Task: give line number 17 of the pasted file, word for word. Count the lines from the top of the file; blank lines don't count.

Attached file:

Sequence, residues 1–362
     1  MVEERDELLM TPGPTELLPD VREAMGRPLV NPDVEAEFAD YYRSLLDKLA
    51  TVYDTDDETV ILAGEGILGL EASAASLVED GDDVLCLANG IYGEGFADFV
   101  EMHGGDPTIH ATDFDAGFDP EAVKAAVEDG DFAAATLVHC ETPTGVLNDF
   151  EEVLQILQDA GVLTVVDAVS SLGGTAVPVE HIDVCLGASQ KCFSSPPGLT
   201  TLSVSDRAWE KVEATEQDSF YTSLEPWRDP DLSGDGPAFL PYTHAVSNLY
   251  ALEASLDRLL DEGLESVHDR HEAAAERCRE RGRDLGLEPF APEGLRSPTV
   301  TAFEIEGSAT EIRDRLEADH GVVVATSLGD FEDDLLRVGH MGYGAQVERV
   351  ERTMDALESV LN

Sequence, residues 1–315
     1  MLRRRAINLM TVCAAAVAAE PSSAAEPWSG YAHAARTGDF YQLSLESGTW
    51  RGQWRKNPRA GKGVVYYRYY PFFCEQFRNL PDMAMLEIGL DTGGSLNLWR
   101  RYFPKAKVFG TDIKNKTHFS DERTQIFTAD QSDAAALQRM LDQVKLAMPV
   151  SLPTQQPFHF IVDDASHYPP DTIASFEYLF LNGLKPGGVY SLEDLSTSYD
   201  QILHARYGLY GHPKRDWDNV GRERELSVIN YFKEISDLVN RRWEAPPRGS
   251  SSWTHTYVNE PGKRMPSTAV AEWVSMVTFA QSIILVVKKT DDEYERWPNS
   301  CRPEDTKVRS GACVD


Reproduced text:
   301  CRPEDTKVRS GACVD